UBI isn’t really about welfare spending: It’s about tax policy. And it is affordable.

This would be a sound argument if it didn’t miss the point. UBI isn’t really about welfare spending: It’s about tax policy.

UBI is an unconditional cash transfer, which means that you get money from the government to spend however you want. That’s an unusual government spending program. In the US, besides Social Security, the government usually either spends money on a service (like health care or education) or gives conditional cash in the form of things like food stamps.

But the government also spends a lot of money each year on cash transfers through “tax expenditures,” which is the money the government doesn’t collect in taxes because of exclusions in the tax code. Except for the Earned Income Tax Credit, those expenditures almost always help the rich more than the poor. By replacing them with UBI, we would create a more progressive system. That, not the elimination of all government programs, should be the starting place for debates about UBI.

So, if tomorrow we gave everyone $2,500 a year through UBI but eliminated the standard deduction, personal exemption, and itemized deductions, most people earning above $37,000 wouldn’t receive any new money. Those earning above $91,000 would actually lose money.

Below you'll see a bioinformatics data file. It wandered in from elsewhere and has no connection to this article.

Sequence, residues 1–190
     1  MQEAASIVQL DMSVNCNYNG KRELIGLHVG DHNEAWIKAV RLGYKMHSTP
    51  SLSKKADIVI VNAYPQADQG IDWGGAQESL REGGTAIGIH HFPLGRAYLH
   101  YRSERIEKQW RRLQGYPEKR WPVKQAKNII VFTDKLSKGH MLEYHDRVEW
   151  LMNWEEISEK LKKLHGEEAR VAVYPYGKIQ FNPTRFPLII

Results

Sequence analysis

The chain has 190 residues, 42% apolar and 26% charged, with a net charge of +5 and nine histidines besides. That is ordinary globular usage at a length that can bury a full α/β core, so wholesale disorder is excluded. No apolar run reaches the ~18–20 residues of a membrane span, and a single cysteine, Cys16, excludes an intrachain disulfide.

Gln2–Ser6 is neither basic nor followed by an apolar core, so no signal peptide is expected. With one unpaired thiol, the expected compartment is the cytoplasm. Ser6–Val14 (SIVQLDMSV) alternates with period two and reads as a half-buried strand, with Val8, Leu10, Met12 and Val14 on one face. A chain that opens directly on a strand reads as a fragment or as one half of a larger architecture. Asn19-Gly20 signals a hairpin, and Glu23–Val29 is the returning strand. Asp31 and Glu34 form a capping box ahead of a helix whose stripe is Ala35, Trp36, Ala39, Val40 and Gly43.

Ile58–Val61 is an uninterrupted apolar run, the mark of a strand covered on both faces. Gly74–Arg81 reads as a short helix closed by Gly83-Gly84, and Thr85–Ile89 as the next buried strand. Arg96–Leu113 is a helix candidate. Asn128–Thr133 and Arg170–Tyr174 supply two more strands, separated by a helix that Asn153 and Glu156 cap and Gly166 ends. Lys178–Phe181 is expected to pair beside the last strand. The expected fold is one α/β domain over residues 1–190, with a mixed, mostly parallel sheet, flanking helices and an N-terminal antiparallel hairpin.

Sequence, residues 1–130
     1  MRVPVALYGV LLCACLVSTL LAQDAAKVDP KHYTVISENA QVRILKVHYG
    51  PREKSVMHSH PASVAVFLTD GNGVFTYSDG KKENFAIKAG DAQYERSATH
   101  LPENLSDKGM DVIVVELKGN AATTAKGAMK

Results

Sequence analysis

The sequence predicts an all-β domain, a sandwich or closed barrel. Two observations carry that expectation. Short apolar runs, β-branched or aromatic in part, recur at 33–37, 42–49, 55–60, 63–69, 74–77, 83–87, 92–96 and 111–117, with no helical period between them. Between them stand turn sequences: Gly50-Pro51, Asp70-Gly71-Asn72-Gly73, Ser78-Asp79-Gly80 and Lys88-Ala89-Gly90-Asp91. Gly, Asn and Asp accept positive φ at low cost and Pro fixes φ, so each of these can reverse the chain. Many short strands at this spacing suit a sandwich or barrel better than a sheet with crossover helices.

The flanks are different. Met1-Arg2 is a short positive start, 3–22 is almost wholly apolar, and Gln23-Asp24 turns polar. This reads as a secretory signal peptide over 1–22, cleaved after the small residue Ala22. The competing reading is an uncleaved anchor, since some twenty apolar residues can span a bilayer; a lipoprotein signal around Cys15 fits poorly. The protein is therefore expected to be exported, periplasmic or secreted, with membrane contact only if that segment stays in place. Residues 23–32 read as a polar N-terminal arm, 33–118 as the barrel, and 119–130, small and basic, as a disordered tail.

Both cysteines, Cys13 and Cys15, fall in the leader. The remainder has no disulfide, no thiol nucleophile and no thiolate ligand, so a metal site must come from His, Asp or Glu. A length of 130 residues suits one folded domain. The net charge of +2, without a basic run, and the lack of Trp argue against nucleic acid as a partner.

But that’s not all. If UBI were considered regular income, wealthy people lose even more money compared to the current system. Consider again the $2,500 example. Since the richest face a 39.6% marginal tax rate, they would actually only get $1,510 from the government after taxes. In the past, had they claimed the standard deduction and personal exemption and had there been no UBI, they would have gotten about $3,960. …

Advocates of UBI talk about $10,000 or $20,000 annual cash transfers. But UBI itself just means giving people some sum of money—there’s nothing that says it has to be extremely expensive at the start. The case described above is about the relatively limited amount of $2,500. And the beauty of it being universal is that it could have broad political support, just like the current standard deduction and personal exemption have now. The difference is that, while those deductions and exemptions are regressive and popular, UBI would be progressive and popular.

Critics of Universal Basic Income just don’t understand how the policy would actually work